First announced as a Kickstarter project in early 2015, Underworld Ascendant has been a long time in the making. The game has high-profile developers behind it, with staff from the likes of Ultima Underworld, System Shock, Thief, and Dishonored. Some three-plus years after Underworld Ascendant achieved its funding goals, the game has now been released to the masses. Unfortunately, it's clear that OtherSide Entertainment wasn't ready for this moment: Underworld Ascendant is still far from being release-worthy, and it shows. Boy, does it show.
In Underworld Ascendant, players aim to solve puzzles through sneaking around, combat, and tests of logic. It's a simple premise, and some of the maps present some interesting scenery and puzzles. Each map is stocked with traps and, mostly, skeletons. These are the cannon fodder of the enemy force, but they're dumb, glitch-ridden, and boring. Most enemy AI has trouble navigating the maps, which are often difficult to traverse with no clear direction. When a variety of enemies do appear, the moments of potential excitement are marred by bad AI or environmental miscues. Many of the traps in the world glitch out and fail to damage the player, simply pushing them aside instead. The AI enemies frequently forget they can move. When they do, they usually get stuck. In Underworld Ascension, there is no escape from these problems.
At the time of this review, the save mechanic is completely broken. Underworld Ascendant lets players plant a sapling over any earthly part of each level so that they can respawn directly onto that spot. Unfortunately, sometimes the game sends players back to the start of the level anyway. To up the egregious nature of the game's saving system, players who quit the game and return will find that it resets the level but allows them to keep their inventory. This lets players double up on items, making it extremely easy for gamers to cheat the system and stack up their inventory. At best, even if this save system was functional it removes any sense of consequence from each level.
Players diving into combat should expect a poorly executed experience here, too. Combat is tedious, with players forced to repetitively hit their enemies up to 15 times to get them down. It's not an exciting act, either - for the most part, skeletons in combat are stuck between getting staggered or rushing at the player. They frequently have difficulty navigating to the player in the first place, and even when they do, most of their attacks are easily blocked. Much like Sea of Thieves, a handful of other enemies try to break the monotony of skeleton combat, but it's not enough. Like many of the game's environmental traps, countless enemy attacks that should deliver somehow fail to register as a hit. For all intents and purposes, combat is a broken mechanic here.
To avoid combat, players can attempt to sneak. This system is based around physics and a fire-based lighting system. The physics of the game are buggy at best: many times a heavy object got a slight bump, but went flying across the room at impossible velocities. Objects have listed weights, but the player seems capable of tossing an 80 pound barrel just as far as a bottle of water. The lighting system allows players to use items like water arrows to get rid of torches, helping to sneak in the darkness instead of fighting. This often works, though only because the sight range of each enemy feels drastically small. The fire system is also fairly realistic in that wooden objects are always capable of burning. Even on a high-end rig, massive fires caused horrendous frame rate issues, and some objects simply take a ludicrous time to actually burn. Fire is, much like the enemies of this world, somehow boring and tedious.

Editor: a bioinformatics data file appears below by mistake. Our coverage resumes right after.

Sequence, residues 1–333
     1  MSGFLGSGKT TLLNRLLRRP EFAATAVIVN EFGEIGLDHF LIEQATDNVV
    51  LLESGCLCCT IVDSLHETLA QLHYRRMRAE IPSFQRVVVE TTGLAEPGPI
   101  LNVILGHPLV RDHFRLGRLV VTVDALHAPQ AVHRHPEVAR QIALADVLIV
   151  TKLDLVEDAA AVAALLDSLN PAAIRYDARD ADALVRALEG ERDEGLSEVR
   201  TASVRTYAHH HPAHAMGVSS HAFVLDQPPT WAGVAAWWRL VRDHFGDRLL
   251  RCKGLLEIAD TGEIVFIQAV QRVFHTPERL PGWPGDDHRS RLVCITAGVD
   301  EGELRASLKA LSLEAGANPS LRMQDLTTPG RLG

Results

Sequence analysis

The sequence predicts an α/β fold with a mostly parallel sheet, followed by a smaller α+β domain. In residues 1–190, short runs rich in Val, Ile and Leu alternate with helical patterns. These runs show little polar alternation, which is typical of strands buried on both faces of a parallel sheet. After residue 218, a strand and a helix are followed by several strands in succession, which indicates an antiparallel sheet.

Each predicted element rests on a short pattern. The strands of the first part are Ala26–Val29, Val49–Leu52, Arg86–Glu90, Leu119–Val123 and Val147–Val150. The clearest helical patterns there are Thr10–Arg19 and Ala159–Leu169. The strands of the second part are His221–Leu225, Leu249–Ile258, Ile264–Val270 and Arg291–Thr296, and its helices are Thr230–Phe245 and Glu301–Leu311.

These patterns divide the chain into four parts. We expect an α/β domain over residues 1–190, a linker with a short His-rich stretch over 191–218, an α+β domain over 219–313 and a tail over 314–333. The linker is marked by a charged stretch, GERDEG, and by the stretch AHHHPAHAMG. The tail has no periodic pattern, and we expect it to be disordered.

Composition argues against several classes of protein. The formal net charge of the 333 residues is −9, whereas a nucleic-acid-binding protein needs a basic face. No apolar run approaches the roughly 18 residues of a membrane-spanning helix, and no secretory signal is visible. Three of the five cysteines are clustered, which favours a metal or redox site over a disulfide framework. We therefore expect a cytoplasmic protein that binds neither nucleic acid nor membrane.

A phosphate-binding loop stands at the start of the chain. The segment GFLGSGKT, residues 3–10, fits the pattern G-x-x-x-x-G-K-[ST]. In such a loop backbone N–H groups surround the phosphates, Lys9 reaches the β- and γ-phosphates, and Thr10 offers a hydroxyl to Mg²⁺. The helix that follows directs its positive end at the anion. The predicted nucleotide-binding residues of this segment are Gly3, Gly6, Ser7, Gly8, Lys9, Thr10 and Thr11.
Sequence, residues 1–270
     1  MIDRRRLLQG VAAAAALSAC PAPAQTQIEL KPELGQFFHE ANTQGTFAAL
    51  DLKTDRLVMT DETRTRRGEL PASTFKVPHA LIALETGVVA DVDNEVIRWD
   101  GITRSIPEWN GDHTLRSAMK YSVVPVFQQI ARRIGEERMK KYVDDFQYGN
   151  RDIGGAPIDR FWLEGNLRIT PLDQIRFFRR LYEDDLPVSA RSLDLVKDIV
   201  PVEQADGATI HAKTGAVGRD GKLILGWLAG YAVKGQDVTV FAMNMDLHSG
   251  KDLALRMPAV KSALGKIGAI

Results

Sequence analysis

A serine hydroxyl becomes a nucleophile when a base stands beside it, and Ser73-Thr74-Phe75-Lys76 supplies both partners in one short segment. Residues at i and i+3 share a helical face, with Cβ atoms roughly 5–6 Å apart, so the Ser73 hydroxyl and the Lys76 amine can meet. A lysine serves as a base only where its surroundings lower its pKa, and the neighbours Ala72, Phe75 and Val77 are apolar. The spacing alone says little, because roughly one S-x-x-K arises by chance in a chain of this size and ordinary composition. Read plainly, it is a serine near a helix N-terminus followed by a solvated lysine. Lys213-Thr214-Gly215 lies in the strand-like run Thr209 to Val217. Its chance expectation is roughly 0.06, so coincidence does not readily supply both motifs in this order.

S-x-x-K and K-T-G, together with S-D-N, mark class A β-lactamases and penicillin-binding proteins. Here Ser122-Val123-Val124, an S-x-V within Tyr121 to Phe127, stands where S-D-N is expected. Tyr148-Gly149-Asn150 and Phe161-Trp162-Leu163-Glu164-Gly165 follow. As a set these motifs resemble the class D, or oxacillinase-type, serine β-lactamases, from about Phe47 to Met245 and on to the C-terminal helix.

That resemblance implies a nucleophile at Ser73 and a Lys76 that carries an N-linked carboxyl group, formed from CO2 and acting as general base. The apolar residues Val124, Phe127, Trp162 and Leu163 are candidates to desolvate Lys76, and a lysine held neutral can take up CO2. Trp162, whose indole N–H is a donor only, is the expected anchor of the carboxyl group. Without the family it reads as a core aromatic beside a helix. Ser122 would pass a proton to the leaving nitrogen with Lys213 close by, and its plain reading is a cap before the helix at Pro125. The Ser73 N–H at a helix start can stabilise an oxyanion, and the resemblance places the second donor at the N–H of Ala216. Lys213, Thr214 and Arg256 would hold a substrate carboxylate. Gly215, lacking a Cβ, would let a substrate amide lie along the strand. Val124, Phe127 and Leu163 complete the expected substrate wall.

The plot never really hooks the player in with anything, but it's simple enough to follow: the mythical god Typhos wants to destroy everything (because he's evil, that's why), so the player is pulled from their own world to stop him. The story features very little NPC interaction, and it struggles to make anything feel like it matters. Progression is made through various selective levels, though these often feel very disjointed and tedious. The inventory system has many items with identical icons, making it hard to select the right item on the fly. There's magic, but the game keeps forgetting what spells the player has learned. It's a series of poor design decisions echoing off of one another. This is the Underworld one imagines themself in if they aren't destined for the pearly gates.
It's hard to justify that Underworld Ascendant is a finished product. Indeed, the game released at 'version 0.3', and it shows. A horrific and nonsensical save mechanic sets the tone for a game rife with broken systems: terrible enemy AI, confusing map design, a shell of a plot, and a mountainous pile of bugs and glitches have mixed together into an abominable heap of problems that became Underworld Ascendant. Every mechanic to the game needs drastic improvements, and it's just plain unfortunate that Otherside Entertainment released the game as-is. The atmosphere can occasionally look pretty, but it's a fleeting moment. This game has plenty of ascending of its own to do before it's a worthwhile purchase.
Underworld Ascendant is available now for PC. Screen Rant was provided with a digital PC code for this review.